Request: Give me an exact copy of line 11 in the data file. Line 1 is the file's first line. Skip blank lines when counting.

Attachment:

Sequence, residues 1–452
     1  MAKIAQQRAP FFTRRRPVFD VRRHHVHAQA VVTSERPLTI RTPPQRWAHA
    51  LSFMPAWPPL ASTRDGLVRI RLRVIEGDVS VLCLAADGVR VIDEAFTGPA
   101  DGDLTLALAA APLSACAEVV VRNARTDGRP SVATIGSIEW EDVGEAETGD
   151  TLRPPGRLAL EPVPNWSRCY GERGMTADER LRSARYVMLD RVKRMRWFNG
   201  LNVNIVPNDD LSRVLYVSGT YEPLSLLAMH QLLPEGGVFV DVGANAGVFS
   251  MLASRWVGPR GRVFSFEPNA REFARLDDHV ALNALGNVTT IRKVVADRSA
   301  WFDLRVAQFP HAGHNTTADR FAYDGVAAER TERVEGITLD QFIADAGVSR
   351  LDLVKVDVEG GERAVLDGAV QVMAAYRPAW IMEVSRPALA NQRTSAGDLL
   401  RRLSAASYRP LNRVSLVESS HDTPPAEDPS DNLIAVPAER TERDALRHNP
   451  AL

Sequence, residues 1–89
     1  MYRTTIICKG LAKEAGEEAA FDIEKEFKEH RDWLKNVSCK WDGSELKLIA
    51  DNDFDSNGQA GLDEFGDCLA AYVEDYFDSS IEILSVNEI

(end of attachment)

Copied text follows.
   451  AL